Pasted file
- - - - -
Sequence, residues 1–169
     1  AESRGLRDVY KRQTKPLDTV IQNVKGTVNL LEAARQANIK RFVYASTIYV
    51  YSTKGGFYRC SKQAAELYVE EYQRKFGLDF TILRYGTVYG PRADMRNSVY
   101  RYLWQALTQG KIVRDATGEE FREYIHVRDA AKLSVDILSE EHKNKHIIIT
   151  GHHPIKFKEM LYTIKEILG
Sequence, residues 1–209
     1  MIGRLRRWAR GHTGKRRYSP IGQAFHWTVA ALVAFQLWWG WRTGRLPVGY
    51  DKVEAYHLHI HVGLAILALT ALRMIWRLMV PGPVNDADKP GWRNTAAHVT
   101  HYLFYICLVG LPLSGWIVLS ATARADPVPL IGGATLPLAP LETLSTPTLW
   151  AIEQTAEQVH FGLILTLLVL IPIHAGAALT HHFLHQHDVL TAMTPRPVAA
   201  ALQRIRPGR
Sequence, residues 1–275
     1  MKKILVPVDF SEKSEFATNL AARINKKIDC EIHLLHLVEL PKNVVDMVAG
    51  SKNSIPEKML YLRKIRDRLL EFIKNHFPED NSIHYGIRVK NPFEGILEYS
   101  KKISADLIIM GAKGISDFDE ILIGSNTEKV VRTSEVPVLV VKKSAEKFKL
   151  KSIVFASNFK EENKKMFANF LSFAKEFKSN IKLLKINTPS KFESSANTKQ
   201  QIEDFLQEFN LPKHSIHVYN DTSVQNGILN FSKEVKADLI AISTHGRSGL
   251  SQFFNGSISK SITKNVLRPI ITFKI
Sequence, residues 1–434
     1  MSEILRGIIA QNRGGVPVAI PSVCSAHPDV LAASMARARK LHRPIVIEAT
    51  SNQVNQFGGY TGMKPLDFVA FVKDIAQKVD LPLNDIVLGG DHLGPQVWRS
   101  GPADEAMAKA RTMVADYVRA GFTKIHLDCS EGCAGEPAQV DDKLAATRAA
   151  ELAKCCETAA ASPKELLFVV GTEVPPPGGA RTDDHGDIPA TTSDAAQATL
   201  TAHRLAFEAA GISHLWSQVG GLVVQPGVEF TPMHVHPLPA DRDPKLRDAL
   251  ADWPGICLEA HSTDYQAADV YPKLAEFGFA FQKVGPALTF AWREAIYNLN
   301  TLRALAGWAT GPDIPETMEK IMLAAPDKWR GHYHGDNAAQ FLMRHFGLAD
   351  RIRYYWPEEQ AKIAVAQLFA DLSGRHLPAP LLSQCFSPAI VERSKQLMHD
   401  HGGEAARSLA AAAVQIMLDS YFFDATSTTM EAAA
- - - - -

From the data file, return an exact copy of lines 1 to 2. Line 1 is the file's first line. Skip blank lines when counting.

Sequence, residues 1–169
     1  AESRGLRDVY KRQTKPLDTV IQNVKGTVNL LEAARQANIK RFVYASTIYV